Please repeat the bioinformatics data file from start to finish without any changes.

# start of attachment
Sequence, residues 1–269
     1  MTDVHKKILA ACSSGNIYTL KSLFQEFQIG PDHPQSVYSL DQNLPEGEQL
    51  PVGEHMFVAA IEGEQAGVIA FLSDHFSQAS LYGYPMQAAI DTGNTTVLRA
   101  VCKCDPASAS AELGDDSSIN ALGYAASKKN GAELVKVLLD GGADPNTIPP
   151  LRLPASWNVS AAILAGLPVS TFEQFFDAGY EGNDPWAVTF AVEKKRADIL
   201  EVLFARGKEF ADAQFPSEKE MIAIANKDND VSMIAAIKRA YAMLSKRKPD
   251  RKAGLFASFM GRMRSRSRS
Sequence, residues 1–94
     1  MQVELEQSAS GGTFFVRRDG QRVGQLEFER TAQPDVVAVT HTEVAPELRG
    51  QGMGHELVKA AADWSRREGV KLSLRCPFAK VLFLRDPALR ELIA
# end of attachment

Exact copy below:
Sequence, residues 1–269
     1  MTDVHKKILA ACSSGNIYTL KSLFQEFQIG PDHPQSVYSL DQNLPEGEQL
    51  PVGEHMFVAA IEGEQAGVIA FLSDHFSQAS LYGYPMQAAI DTGNTTVLRA
   101  VCKCDPASAS AELGDDSSIN ALGYAASKKN GAELVKVLLD GGADPNTIPP
   151  LRLPASWNVS AAILAGLPVS TFEQFFDAGY EGNDPWAVTF AVEKKRADIL
   201  EVLFARGKEF ADAQFPSEKE MIAIANKDND VSMIAAIKRA YAMLSKRKPD
   251  RKAGLFASFM GRMRSRSRS
Sequence, residues 1–94
     1  MQVELEQSAS GGTFFVRRDG QRVGQLEFER TAQPDVVAVT HTEVAPELRG
    51  QGMGHELVKA AADWSRREGV KLSLRCPFAK VLFLRDPALR ELIA